In his book Consilience, E. O. Wilson took note that sociology has identified belief in a soul as one of the universal human cultural elements. Wilson suggested that biologists need to investigate how human genes predispose people to believe in a soul.

Daniel Dennett has championed the idea that the human survival strategy depends heavily on adoption of the intentional stance, a behavioral strategy that predicts the actions of others based on the expectation that they have a mind like one's own (see theory of mind). Mirror neurons in brain regions such as Broca's area may facilitate this behavioral strategy. The intentional stance, Dennett suggests, has proven so successful that people tend to apply it to all aspects of human experience, thus leading to animism and to other conceptualizations of soul.

But as several theologians and philosophers have noted (e.g. Keith Sutherland), claims by Dennett and his ilk are prompted by the philosophical agenda of physicalism. One counter-argument points out that just because the brain has regions that deal with colour and other aspects of vision, one does not argue that the genes produce an area to promote the illusion of a blue sky. By analogy, if there is a 'God sense' just as there is a sense of vision, it seems to argue for the objective existence of an extra-mundane reality.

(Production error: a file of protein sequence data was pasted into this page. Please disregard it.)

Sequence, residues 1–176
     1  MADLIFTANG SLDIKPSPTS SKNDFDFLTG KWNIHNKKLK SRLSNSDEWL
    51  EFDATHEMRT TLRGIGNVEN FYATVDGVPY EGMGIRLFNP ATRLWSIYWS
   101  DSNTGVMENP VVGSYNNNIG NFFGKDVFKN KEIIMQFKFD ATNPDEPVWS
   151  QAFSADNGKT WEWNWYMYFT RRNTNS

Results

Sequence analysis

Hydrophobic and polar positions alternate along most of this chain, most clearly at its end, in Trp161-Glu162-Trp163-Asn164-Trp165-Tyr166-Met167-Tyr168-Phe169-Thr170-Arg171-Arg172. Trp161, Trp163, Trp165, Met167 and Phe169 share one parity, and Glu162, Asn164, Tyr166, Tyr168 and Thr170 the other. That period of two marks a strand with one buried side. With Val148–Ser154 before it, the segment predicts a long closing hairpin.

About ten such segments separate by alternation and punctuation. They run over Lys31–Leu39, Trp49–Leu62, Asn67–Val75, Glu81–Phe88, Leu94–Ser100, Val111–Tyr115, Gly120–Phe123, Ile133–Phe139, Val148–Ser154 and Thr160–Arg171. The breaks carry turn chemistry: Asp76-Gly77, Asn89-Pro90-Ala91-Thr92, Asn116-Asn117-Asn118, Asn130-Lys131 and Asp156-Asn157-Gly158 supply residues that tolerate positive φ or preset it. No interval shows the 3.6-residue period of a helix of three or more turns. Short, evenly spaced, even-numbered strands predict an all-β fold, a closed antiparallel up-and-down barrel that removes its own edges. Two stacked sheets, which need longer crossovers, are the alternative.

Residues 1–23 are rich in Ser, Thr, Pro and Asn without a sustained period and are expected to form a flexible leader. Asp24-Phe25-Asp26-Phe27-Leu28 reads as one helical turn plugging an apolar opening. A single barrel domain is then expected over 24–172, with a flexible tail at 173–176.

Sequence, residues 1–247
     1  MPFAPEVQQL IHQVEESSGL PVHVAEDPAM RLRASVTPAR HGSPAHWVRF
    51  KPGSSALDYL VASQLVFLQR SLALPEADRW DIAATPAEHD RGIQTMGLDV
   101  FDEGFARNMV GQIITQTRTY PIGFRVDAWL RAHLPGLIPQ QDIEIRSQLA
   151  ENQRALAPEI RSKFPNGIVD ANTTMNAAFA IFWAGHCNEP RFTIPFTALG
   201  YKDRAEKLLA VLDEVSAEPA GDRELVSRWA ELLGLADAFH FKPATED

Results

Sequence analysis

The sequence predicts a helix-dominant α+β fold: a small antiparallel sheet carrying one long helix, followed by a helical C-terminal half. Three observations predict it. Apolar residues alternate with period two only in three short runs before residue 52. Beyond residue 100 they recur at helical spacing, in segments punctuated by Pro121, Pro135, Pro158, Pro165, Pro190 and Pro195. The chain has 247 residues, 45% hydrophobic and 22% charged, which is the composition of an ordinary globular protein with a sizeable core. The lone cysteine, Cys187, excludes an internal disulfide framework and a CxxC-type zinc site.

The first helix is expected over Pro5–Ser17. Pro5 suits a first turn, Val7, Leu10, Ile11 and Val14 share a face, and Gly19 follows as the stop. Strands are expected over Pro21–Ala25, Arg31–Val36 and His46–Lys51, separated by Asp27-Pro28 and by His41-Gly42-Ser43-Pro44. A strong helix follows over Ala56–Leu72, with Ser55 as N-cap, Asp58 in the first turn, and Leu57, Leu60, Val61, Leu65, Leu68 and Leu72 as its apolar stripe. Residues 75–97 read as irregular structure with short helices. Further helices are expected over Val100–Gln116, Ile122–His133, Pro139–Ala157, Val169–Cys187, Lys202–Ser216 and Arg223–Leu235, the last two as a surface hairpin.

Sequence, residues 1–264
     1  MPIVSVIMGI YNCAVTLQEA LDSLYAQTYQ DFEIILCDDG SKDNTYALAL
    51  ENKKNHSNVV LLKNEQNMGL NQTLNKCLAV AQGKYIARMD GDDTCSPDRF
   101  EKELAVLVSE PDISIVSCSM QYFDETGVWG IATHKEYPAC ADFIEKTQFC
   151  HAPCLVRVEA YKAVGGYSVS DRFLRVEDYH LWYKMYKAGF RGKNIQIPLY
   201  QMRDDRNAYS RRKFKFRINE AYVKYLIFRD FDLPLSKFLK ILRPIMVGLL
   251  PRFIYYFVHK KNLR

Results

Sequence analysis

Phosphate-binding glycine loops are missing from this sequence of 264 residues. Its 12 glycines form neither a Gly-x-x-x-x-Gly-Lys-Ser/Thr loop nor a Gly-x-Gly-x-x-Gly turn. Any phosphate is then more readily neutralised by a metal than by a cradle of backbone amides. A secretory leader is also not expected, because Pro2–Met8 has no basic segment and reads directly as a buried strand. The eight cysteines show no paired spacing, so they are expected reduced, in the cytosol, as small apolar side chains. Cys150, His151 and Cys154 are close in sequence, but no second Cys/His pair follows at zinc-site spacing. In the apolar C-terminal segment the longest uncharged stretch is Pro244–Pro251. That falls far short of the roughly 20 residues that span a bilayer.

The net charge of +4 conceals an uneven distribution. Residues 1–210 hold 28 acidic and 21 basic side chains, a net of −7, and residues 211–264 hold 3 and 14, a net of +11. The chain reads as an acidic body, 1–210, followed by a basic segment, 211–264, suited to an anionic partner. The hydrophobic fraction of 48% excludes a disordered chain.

The heart cannot rejoice in what the mind rejects as false - Galileo

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Where do we go when We die?

#18

Post by Horace.Miles » Tue Mar 20, 2007 7:39 pm

According to scripture you go to sleep.

We are a three part being - Body, Soul and Spirit

Your body returns to dust when you die.

Your soul which in essence is who you are a person remains in the ground.

Your Spirit or breath of life returns to God. That self same spirit can be compared to batteries. If you have a flash light with out the batteries it is just a case. Put in the batteries and you give it life or animation. You can take those self same batteries and put them into a another flashlight and they will work.

According to the scriptures this is a old subject and is discussed in 1 Thes.

1 Thessalonians 4:13-18 But I would not have you to be ignorant, brethren, concerning them which are asleep, that ye sorrow not, even as others which have no hope. For if we believe that Jesus died and rose again, even so them also which sleep in Jesus will God bring with him. For this we say unto you by the word of the Lord, that we which are alive and remain unto the coming of the Lord shall not prevent them which are asleep. For the Lord himself shall descend from heaven with a shout, with the voice of the archangel, and with the trump of God: and the dead in Christ shall rise first: Then we which are alive and remain shall be caught up together with them in the clouds, to meet the Lord in the air: and so shall we ever be with the Lord. Wherefore comfort one another with these words.